- Sixty-three percent of firms rare below pre-pandemic revenues and employment is lower for 43% of firms
- Half of firms in the leisure and hospitality industry reported a large negative effect from the pandemic, while only 26% of manufacturing firms reported the same.
- Expectations for future revenue and employment growth improved since 2020 but remain below pre-pandemic levels; 59% of firms expect revenues to rise and 41% anticipate employment growth in the next 12 months.
- Sixty percent of firms reported their top operational challenges were hiring or retaining qualified staff and navigating supply-chain issues. Seventy-eight percent of firms said the too few applicants were a reason for difficulty in hiring workers.
- Employer firm revenue and employment trends indicate that some firms are recovering from the initial effects of the pandemic, though more firms reported continued declines in revenue and employment
Pandemic-Related Financial Assistance was widely used in 2021, although their use declined from early in the pandemic.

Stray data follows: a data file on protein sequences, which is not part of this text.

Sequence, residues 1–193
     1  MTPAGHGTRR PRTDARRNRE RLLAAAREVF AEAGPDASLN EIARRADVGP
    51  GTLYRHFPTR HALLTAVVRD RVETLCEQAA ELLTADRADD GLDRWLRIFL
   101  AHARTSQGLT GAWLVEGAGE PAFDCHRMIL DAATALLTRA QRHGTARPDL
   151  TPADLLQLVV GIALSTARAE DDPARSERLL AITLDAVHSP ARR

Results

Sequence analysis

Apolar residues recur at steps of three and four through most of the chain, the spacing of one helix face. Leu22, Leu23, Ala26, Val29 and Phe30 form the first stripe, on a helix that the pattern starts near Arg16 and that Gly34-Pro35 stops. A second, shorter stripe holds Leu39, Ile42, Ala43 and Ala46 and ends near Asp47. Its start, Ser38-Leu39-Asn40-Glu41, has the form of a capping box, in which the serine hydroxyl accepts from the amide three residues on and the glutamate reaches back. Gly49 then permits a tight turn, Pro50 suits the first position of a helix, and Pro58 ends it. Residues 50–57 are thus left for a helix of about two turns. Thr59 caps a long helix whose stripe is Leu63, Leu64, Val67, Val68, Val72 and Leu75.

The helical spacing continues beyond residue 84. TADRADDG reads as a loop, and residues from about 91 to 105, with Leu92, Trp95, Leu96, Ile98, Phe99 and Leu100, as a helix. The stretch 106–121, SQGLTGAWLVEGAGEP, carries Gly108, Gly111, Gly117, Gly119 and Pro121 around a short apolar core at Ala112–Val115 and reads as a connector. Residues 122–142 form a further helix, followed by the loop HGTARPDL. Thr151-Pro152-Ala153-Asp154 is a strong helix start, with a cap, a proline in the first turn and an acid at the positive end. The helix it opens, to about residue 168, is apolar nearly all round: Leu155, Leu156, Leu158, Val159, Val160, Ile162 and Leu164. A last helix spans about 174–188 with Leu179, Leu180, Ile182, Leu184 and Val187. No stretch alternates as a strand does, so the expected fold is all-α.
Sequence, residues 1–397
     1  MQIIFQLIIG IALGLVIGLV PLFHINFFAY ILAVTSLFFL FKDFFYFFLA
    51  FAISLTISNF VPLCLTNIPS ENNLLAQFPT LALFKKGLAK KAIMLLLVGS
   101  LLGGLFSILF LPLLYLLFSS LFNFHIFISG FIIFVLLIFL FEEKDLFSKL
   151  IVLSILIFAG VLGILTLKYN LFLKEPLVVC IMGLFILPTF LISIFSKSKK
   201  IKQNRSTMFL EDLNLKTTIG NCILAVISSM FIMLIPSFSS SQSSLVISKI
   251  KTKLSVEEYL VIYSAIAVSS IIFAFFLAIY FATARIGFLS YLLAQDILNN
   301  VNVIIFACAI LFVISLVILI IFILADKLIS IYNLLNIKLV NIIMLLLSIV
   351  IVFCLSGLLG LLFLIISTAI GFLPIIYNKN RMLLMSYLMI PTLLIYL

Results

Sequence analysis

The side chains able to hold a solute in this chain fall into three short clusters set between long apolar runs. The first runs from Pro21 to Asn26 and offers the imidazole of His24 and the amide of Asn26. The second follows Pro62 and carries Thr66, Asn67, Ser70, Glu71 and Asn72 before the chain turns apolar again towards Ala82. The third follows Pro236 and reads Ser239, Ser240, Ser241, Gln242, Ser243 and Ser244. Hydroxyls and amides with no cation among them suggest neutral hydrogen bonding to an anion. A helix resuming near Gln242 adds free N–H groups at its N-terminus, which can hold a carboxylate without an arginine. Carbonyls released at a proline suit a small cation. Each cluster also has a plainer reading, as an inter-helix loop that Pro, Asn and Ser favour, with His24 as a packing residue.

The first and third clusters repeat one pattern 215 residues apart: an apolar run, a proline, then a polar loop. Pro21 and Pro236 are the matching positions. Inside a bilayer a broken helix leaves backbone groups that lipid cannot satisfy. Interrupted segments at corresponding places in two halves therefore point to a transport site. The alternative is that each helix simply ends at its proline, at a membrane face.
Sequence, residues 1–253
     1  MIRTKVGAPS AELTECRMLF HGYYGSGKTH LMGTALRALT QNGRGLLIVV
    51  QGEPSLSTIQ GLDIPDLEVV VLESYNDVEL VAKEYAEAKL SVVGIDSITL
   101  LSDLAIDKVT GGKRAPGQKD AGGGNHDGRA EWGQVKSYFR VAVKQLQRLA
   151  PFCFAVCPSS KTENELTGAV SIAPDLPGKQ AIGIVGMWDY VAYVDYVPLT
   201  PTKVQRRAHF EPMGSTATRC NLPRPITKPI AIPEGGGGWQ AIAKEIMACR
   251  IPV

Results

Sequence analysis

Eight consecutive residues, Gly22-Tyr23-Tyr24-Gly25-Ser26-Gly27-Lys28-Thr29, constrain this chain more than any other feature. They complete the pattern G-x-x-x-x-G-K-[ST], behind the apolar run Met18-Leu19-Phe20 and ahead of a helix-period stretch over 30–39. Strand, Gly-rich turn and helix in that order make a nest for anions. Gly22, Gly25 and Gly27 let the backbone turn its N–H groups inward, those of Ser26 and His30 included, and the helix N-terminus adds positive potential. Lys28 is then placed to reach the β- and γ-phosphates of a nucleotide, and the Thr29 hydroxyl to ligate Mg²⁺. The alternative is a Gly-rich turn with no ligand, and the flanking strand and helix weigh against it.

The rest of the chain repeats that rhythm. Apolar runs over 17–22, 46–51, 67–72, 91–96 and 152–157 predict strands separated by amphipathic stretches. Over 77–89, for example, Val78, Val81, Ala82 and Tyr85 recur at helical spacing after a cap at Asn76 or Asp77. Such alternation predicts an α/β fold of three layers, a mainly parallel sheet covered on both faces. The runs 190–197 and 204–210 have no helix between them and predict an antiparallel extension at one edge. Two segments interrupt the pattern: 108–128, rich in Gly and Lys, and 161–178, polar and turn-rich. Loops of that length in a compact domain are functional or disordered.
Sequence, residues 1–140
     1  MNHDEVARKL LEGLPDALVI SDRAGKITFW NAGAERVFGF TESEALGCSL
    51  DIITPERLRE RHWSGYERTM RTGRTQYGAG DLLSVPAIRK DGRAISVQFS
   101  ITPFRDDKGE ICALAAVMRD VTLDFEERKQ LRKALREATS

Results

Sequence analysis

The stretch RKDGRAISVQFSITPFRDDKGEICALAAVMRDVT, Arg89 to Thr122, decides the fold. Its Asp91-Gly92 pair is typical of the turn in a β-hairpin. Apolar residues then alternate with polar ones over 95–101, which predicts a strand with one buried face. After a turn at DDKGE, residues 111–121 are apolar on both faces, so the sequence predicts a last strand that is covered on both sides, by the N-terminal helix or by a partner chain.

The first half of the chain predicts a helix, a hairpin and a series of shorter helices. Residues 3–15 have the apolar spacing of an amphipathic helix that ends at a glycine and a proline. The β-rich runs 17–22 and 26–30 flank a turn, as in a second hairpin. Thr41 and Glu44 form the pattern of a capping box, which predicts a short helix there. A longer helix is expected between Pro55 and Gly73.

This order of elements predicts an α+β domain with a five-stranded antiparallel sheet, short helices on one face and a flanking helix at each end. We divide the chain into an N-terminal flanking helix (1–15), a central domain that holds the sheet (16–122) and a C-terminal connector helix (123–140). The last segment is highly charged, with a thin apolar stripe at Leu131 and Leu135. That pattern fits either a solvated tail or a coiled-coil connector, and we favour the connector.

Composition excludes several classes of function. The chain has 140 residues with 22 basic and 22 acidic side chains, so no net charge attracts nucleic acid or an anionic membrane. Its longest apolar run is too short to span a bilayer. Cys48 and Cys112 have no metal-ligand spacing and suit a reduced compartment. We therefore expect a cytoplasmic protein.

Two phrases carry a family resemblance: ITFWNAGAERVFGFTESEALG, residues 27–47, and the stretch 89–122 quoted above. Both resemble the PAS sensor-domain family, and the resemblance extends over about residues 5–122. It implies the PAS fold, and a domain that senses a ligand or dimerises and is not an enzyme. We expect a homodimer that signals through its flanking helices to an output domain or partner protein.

- The financial assistance programs firms most often turned to were the Economic Injury Disaster Loan program and the Paycheck Protection Program (PPP), with 48% and 47% of firms applying.
- Forty-two percent of firms applied for PPP in 2020 and 2021, with 36% only applying in 2020 and 6% only applying in 2021
- 90% of employer firms that applied for PPP funds in 2021 received at least some funding. PPP application approval rates were lower in 2021 than in 2020. The share of firms receiving the full amount of PPP funding sought fell year over year, from 76% in 2020 to 67% in 2021.
Access to Credit: Application rates for traditional financing were lower in 2021 than in recent years, and those that did apply were less likely to receive the amount of money they sought.
- The share of firms seeking traditional financing fell from 43% in 2019 to 37% in 2020 to 36% in 2021.
- The decline in approval rates was particularly pronounced for firms with good credit scores, as the share of low-credit-risk firms that received all the financing sought fell from 45% in 2020 to 38% in 2021.
- Firms more often sought financing to meet operating expenses rather than to expand their businesses.
- Satisfaction rates were highest among small-bank applicants.
- Firms owned by people of color, firms with fewer employees, and leisure and hospitality firms were least likely to receive the full amount of financing sought.
- Seventy-six percent of firms approved for financial aid were satisfied with small banks, compared to 62% for large banks.